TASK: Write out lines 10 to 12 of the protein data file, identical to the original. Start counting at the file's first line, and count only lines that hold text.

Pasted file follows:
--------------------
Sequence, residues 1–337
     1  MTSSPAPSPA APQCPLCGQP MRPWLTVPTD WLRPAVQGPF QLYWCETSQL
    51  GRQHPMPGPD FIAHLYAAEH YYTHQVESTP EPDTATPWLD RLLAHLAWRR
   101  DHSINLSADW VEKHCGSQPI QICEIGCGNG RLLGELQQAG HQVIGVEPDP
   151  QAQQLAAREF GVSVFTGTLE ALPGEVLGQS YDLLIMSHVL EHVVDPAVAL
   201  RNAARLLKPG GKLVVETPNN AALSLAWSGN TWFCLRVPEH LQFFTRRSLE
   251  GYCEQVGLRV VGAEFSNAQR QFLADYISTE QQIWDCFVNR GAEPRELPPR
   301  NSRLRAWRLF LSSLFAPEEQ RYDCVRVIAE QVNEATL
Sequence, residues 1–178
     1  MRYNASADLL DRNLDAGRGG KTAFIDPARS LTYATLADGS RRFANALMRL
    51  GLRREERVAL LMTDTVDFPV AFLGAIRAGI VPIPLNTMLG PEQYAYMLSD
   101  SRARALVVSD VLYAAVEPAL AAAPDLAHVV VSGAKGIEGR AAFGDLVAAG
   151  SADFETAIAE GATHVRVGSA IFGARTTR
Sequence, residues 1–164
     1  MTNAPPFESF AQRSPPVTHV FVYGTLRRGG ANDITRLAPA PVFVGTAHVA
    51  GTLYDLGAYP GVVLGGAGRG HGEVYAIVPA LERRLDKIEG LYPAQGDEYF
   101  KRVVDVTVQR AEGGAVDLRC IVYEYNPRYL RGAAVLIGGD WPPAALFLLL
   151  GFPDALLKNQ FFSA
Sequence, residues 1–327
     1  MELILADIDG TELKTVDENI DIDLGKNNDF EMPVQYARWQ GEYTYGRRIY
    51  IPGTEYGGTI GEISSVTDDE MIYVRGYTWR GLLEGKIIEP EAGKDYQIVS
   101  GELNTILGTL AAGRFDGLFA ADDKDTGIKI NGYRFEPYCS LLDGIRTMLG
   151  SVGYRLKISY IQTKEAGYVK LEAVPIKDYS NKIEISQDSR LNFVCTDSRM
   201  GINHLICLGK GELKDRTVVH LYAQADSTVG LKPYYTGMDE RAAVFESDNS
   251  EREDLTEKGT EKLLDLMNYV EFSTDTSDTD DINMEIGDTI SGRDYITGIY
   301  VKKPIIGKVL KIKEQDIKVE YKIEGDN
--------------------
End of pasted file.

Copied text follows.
     1  MRYNASADLL DRNLDAGRGG KTAFIDPARS LTYATLADGS RRFANALMRL
    51  GLRREERVAL LMTDTVDFPV AFLGAIRAGI VPIPLNTMLG PEQYAYMLSD
   101  SRARALVVSD VLYAAVEPAL AAAPDLAHVV VSGAKGIEGR AAFGDLVAAG